“Pull up!!”

Then the whole world exploded in his face. The huge sound flattened him on the deck like a paper cutout doll blown over by a careless child. Searing heat like that from an open blast furnace washed over him, parching his throat in an instant. He could almost feel his skin crisping from the heat. Shimmers distorted everything around him and the air tasted hot and molten. For a long moment, he thought he was going to die.

Then the fiery heat eased off and he looked up to see the fire-washed side of the mind flayer ship looming less than 15 cubits away, and closing fast. His heart constricted as he realized their angle of attack was wrong. He dove for the wheel to help Jon to swing wide but it was too late.

The two ships collided with a bone-shaking impact.

There was an earthshaking crash of steel meeting timber and he was flung to the deck. His hands were scraped raw and bloody trying to catch himself. He and Jon rolled into each other with bruising force. Flaming timbers flew in every direction and a second wave of heat washed over them. Fire was everywhere and a long grinding, snapping noise filled the air. It seemed like it went on and on forever. He saw a severed arm (human or otherwise?) fly past amid the raining debris. The blinding glare of the flames seared his eyes and he squeezed them to save his eyesight. Time stood still.

The grinding, roaring thunder shook him to the bone in a never-ending torrent of sound. The ship bucked and shuddered beneath him like a wild bull. He and Jon were thrown this way and that. A rib snapped, then another as he caromed into the railing. He was flung violently backward. He felt his head hit something and the world vanished in a brilliant flare of light.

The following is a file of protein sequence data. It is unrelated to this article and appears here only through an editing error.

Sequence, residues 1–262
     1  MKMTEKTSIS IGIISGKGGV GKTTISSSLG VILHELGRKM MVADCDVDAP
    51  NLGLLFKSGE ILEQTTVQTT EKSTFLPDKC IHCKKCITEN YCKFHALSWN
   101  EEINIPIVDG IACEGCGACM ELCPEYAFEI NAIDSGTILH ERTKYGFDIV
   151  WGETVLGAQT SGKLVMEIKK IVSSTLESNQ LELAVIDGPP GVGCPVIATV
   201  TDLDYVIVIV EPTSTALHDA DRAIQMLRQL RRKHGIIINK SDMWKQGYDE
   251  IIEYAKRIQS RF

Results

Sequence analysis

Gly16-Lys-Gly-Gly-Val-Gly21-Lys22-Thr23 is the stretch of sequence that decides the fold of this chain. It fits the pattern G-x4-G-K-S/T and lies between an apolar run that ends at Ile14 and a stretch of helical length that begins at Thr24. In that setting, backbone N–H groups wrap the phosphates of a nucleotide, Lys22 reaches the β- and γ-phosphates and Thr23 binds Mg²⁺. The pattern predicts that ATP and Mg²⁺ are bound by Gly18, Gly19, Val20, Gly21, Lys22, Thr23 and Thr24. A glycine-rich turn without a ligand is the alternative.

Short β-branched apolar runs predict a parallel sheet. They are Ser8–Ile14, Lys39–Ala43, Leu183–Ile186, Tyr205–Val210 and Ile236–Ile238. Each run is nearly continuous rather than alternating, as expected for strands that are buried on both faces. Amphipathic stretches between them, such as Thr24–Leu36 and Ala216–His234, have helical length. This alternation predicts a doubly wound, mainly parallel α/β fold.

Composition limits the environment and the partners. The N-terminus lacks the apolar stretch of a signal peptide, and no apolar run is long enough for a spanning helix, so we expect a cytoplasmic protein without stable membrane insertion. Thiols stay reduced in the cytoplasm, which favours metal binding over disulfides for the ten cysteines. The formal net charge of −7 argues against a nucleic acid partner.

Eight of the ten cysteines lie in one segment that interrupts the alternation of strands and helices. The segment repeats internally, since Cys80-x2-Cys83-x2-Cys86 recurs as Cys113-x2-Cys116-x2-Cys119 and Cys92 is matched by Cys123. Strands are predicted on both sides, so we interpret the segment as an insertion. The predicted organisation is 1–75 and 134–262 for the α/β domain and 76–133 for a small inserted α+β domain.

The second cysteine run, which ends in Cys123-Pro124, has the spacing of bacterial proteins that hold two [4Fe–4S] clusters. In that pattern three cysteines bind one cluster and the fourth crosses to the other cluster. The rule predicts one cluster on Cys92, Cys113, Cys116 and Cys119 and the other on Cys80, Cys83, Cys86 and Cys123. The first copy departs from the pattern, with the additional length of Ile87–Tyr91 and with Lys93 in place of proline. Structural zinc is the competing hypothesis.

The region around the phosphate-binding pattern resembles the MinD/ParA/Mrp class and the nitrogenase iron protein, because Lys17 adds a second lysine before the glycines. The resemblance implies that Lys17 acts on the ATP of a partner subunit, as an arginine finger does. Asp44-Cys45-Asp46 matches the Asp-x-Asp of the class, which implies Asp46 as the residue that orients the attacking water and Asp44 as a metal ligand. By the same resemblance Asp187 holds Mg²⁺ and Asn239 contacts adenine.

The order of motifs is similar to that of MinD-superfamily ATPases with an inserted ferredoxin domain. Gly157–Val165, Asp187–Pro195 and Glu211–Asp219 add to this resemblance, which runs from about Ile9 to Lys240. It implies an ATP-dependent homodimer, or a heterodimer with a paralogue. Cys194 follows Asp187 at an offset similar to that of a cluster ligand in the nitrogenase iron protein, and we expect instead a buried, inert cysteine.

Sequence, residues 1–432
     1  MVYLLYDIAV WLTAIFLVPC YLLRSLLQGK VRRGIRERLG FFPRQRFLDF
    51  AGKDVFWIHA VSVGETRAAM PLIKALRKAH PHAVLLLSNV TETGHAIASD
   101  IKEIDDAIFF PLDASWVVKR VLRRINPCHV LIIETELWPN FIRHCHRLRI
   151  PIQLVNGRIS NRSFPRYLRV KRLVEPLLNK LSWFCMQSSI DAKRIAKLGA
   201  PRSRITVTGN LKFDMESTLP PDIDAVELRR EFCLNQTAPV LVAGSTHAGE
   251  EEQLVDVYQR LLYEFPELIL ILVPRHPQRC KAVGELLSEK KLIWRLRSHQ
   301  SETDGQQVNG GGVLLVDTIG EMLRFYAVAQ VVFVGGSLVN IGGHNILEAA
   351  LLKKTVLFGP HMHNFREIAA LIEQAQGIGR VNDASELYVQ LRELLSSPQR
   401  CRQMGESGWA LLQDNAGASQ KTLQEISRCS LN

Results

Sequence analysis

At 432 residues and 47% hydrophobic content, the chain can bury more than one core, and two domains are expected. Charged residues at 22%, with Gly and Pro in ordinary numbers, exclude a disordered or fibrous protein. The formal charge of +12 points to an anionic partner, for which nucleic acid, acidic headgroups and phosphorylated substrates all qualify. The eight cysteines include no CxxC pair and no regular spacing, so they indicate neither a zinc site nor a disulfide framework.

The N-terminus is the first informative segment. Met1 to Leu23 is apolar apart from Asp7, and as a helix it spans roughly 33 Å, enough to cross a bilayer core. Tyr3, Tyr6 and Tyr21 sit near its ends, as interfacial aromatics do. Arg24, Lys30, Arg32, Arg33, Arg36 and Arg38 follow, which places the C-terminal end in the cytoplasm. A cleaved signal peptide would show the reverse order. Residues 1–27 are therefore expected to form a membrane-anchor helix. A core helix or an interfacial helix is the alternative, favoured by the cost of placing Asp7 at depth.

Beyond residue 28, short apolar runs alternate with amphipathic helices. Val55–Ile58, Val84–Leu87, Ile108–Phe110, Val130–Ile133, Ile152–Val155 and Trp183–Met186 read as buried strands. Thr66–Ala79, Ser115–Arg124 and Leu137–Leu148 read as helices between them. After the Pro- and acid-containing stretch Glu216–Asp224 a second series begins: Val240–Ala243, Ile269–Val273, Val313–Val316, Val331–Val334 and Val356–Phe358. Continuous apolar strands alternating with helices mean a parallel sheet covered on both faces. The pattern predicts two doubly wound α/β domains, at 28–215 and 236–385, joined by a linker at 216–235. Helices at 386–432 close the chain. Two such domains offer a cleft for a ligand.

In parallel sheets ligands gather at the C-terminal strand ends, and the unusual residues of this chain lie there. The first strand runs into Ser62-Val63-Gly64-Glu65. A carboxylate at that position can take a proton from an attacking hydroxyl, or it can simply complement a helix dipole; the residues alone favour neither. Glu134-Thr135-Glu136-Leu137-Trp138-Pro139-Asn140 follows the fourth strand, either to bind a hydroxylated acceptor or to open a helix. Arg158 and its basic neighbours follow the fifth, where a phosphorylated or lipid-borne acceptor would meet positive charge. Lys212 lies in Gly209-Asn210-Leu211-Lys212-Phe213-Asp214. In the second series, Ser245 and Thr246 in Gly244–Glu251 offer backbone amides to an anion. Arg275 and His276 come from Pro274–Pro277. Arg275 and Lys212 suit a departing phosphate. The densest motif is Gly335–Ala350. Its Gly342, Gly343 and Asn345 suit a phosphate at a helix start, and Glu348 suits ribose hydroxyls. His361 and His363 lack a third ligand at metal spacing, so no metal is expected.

*     *     *     *     *

Random sensations flitted through his consciousness.

They were vague at first, but growing stronger. Pressure was the first thing he noticed, pressure at the middle of his stomach. There was something wrong about that though because the was pressure coming from above his head. That didn’t make any sense. Why would he feel pressure on his stomach above his head? He gave up on the riddle and turned his attention to other sensations.

There was wetness on his face, but that was wrong too. It was running up and dripping off the top of his head. There was a pattern here if he could just figure it out.


Oh my goodness, the pain!